Federal Money Could Be Headed to Fort Drum and Griffiss Air Force Base Despite Ban on Earmarks
Washington, D.C. –
This year's National Defense Authorization Act is worth almost $700 billion. It funds the U.S. military and the wars in Iraq and Afghanistan. North country Democrat Bill Owens sits on the House Armed Services Committee, and helped shape how some of that money will be spent by offering four amendments.
"We have some money related to medical facilities in military operations, and we've also got couple more equipment bills in there that would focus on upgrading various pieces of equipment for military members," said Owens.
The equipment measures he's talking about are for Army weapon modifications and Air Force cyberworkforce development. With a ban on earmarks, the money can't be allocated directly to military posts, like Fort Drum or Griffis Air Force Base. One way to get around that is by creating general programs, that military leaders can then direct money to various reaches of the military. Owens says those programs are right for upstate's military bases, which could get some of that money.
"Obviously we're hopeful that it will. But that will ultimately be a decision made by the Army or the Air Force - depending on where the funding is going," said Owens.
But those programs cost millions of dollars. Lawmakers are fighting over how to best reduce the deficit and the debt overall. Owens says he supports careful cuts to military spending. He says it's not contradictory to support spending provisions like these, while overall promoting cuts to the defense budget.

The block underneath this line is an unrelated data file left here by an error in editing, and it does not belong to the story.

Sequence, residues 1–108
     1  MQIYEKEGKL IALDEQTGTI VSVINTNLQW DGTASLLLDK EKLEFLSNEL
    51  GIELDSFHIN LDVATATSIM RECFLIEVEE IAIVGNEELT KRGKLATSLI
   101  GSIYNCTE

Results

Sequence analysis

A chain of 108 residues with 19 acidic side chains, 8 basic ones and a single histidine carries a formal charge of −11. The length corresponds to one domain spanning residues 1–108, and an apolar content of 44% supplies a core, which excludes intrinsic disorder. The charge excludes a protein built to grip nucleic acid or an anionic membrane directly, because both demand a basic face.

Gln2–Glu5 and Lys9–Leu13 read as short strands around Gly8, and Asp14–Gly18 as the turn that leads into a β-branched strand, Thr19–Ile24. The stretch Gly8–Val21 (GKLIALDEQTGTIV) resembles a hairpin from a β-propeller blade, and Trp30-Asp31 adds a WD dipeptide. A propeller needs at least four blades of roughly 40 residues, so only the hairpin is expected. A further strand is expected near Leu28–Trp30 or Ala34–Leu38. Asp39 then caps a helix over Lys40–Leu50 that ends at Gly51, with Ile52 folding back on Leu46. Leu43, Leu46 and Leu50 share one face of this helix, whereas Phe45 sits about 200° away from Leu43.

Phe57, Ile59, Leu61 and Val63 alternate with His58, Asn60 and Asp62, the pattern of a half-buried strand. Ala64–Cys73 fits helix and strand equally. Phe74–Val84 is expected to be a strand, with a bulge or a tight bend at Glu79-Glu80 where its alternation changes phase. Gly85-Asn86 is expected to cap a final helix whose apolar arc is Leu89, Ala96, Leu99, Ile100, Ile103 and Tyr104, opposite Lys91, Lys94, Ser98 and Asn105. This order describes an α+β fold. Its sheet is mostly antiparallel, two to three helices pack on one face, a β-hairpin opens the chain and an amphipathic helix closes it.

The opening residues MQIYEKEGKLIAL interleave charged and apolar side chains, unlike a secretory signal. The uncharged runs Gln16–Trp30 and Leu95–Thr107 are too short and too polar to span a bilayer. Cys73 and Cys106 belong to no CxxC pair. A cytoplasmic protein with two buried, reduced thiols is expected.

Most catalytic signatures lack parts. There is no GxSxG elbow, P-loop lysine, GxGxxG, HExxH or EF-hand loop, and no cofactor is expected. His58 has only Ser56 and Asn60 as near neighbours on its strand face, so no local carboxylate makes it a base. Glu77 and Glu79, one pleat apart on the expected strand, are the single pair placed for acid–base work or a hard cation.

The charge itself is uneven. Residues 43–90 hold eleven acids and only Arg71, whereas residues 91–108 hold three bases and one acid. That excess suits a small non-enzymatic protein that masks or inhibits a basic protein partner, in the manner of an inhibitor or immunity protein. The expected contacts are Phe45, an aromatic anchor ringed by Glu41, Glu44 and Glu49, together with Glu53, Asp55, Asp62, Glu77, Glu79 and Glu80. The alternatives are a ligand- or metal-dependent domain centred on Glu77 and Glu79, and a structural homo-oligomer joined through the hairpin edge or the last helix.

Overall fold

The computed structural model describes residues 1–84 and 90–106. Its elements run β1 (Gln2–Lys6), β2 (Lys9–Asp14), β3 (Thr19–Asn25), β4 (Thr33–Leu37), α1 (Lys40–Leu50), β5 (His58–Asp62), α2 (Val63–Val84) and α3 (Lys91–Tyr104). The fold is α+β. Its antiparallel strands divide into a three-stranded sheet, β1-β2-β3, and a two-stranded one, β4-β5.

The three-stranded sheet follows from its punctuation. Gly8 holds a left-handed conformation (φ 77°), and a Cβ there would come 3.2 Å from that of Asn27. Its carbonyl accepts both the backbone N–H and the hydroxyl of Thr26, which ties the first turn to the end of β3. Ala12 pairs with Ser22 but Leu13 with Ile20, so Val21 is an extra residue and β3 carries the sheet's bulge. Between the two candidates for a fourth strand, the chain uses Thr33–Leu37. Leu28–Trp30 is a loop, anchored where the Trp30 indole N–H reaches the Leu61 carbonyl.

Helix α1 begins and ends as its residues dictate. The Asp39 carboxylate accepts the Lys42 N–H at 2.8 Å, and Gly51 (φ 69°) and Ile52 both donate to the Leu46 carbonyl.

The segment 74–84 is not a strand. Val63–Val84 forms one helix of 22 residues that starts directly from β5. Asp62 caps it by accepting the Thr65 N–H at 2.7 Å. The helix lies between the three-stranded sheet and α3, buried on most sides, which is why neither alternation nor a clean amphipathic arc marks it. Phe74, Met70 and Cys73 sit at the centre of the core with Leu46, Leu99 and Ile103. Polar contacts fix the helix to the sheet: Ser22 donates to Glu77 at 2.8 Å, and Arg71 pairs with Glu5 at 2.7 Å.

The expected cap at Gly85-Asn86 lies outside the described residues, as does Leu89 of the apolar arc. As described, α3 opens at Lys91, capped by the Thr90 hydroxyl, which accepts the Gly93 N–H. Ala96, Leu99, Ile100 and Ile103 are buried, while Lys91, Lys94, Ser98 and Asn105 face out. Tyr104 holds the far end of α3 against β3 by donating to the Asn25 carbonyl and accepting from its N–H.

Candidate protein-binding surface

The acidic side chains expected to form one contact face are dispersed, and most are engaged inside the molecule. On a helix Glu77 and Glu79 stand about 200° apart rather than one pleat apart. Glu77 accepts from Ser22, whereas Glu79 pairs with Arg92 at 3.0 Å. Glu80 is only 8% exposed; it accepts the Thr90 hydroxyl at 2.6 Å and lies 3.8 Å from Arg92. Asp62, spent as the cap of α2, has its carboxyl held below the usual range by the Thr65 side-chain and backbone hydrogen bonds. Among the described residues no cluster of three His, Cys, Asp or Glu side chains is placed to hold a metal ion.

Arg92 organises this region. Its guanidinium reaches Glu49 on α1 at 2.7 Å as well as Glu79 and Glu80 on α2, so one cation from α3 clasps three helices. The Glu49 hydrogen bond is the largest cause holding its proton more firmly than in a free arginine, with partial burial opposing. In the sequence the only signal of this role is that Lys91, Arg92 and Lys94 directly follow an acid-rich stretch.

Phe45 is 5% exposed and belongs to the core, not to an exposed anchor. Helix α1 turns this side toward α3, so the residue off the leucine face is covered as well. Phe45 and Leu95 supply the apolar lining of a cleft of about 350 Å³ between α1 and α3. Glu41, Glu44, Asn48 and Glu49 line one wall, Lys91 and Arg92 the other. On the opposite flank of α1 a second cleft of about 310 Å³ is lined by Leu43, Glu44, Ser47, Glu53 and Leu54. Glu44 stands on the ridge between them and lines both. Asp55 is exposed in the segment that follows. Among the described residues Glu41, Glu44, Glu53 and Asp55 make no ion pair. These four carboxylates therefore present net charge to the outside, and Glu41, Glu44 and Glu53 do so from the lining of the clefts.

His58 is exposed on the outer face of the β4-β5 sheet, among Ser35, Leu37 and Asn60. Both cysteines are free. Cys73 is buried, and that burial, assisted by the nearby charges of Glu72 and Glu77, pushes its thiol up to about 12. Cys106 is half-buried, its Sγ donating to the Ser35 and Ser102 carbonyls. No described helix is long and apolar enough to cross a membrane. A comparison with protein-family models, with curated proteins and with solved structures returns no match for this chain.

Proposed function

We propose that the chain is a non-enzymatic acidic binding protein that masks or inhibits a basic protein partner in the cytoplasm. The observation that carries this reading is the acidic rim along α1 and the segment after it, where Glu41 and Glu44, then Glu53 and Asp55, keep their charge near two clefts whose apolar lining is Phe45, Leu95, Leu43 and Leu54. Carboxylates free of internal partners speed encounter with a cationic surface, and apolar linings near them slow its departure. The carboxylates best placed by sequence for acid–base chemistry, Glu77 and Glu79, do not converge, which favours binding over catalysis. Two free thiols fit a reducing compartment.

"I think when you look at any of these programs, you're always looking at the micro level and the macro level. If in fact your micro projects where accepted, you still may be in consistent in saying but at the macro level, we need to trim 1 or 2 percent off the top. Which would mean those programs would be cut 1 or 2 percent, but that's a big difference from eliminating the program or not funding it," said Owens.
Mattie Corrao with Americans for Tax Reform -- a group that aims to keep taxes low -- says her organization would like to see projects in the defense budget examined more closely to eliminate waste fraud and abuse.
"You see a lot of opportunities for pork projects and different special interests kind of work their way into this bill because who has time to weed through a 700 billion dollar bill to find all these special interests," said Corrao.
Corrao says her group disapproves of the way lawmakers getting around the earmark ban.
"Things need to work a little differently for members of Congress who feel like they still have special projects that they want to get funded. We see a lot of creative language being used, a lot of place holders being used, where members of congress are writing language doesn't even necessarily fund an account, but allows taxpayer dollars to be allocated," she said.
Owens says you can still have budgetary items that serve a purpose, and at the same time keep spending down. He uses the old household budget analogy.
"You say my budget for the month is X' and I'm going to spend it in different ways. If I decide to cut down, I may cut across the board - I may go out to dinner less, I may do less dry cleaning, I may a little less expensive food -- and if I do that, all those budgetary items are going to be reduced," Owens said.
The House is expected to vote on the final defense spending plan within the next week.